updated 09:43 am EST, Mon December 16, 2013
Faces matched to ID photos
Following criticism surrounding several worker deaths, Apple supplier Pegatron has reportedly implemented facial-recognition technology to screen for underage workers. The technology, which is said to have been introduced earlier this year, uses computers to help verify that workers are not using borrowed identification cards, according to a Wall Street Journal report.
The Taiwan-based company came under fire last week due to the death of 15-year-old worker Shi Zhaokun from a plant that assembles Apple's iPhone 5c. Previous reports claimed the teenager borrowed an ID card from an older relative to circumvent the minimum working age of 16, however the latest information suggests his ID card included the correct picture but falsified identity details.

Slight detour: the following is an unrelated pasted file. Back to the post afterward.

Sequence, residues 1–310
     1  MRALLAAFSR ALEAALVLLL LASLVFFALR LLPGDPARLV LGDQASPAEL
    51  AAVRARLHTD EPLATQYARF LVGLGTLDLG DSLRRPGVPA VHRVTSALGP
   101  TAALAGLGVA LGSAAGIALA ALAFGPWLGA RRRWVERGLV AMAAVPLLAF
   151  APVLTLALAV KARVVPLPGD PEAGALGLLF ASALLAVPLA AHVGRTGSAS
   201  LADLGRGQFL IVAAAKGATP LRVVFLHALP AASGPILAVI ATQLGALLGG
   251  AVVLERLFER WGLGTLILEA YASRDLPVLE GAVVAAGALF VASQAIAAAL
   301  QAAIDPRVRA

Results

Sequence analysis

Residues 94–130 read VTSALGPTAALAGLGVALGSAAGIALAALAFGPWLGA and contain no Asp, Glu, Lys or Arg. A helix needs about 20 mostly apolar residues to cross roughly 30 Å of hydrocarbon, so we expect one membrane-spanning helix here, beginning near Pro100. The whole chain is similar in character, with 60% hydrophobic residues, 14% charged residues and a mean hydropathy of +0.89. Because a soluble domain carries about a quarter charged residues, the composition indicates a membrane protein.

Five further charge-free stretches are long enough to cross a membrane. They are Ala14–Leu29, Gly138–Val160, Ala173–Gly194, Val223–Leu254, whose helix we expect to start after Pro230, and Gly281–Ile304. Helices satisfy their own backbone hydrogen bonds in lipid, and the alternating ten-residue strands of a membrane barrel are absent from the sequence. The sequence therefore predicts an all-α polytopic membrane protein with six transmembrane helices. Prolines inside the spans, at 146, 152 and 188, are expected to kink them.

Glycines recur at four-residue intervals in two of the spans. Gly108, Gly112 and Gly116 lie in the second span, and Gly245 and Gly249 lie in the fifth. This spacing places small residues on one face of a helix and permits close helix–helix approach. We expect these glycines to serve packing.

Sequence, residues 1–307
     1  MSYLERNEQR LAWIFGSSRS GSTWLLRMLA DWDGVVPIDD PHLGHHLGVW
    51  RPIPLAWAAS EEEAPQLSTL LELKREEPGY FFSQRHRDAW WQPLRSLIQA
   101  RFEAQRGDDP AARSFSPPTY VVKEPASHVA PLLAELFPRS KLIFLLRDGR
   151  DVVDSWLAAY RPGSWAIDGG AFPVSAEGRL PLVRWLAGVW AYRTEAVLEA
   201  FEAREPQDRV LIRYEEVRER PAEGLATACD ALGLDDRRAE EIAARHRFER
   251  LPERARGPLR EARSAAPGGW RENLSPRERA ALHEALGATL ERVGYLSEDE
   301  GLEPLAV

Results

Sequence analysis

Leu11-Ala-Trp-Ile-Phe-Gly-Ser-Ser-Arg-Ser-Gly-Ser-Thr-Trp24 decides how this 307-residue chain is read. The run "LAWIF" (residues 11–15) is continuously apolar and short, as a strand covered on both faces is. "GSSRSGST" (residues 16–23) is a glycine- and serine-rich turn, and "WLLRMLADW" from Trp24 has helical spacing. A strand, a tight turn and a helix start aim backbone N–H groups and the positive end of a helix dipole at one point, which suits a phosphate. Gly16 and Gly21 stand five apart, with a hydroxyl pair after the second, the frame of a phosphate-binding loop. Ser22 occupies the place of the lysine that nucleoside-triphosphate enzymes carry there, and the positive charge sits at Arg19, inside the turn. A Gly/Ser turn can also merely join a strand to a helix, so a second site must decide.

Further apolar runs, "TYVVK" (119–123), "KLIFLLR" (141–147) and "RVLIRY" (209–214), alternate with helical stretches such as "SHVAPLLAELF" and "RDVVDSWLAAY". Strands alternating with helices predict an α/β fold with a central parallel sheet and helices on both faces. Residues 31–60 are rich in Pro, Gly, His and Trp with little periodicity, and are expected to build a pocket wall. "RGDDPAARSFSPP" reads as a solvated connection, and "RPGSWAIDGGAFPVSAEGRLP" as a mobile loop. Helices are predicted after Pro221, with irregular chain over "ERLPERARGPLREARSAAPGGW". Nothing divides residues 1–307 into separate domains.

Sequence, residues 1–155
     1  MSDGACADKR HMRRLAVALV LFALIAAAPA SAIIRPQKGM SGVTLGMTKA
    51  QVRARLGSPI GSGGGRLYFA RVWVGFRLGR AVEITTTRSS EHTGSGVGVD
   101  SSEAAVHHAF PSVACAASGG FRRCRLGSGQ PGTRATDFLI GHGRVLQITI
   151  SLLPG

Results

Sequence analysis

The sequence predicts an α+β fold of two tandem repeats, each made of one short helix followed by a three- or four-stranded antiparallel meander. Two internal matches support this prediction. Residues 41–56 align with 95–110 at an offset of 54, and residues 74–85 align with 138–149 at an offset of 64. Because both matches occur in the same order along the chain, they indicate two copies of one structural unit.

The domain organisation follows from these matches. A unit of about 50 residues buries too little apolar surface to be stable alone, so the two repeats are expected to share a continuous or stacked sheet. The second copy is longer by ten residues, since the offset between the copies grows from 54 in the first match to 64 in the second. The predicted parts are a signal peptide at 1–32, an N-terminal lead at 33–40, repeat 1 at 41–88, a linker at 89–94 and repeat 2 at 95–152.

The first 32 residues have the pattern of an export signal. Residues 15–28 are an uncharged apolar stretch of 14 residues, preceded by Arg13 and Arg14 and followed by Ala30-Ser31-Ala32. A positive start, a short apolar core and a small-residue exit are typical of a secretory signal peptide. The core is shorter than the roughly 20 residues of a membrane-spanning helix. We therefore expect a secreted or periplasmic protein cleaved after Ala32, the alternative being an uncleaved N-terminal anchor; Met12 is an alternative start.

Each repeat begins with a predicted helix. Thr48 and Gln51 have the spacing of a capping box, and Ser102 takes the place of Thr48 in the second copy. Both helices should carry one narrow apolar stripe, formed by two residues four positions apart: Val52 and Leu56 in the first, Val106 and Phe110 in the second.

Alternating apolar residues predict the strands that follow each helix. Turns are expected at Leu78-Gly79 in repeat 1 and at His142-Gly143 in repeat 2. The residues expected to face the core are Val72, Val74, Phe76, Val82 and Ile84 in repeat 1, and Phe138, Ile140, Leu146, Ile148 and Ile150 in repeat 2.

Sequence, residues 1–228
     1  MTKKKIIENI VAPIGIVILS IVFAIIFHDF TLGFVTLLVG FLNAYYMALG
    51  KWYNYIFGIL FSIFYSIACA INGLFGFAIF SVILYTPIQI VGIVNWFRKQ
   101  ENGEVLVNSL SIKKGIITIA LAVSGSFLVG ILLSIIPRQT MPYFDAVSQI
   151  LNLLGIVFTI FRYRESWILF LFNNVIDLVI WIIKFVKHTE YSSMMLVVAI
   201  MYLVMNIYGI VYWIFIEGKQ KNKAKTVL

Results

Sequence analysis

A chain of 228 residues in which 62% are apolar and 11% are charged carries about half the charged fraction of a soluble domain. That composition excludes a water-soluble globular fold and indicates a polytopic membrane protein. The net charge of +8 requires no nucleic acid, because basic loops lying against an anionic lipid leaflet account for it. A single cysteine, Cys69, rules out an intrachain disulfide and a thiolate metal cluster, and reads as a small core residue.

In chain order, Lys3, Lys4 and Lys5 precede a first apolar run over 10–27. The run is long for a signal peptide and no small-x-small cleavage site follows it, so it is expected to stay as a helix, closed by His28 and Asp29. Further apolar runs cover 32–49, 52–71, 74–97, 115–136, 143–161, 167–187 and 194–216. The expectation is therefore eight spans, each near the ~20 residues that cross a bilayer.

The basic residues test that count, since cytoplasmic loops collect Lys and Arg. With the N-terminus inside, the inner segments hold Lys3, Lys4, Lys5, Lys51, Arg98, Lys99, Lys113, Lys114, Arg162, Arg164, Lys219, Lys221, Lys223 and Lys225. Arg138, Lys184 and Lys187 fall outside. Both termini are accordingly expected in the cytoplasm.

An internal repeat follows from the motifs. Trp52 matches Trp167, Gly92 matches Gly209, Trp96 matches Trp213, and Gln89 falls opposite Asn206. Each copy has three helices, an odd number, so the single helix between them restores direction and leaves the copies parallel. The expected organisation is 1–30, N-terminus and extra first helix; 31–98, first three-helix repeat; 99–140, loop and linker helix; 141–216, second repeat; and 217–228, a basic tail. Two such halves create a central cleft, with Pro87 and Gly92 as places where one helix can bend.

It is unclear if the identity authentication system was in use when Shi Zhaokun was hired. He only worked for a month before succumbing to pneumonia. Both Apple and Pegatron have argued that the sickness was unrelated to conditions on the factory floor, though his family claims to have found logs showing nearly 280 hours of work in less than a month before his death.
Apple claims to be collaborating with its Chinese suppliers to improve working conditions and address concerns amid pressure from labor activist groups. Despite the negative report focusing on Pegatron, competing supplier Foxconn was praised last week for making improvements in its factories.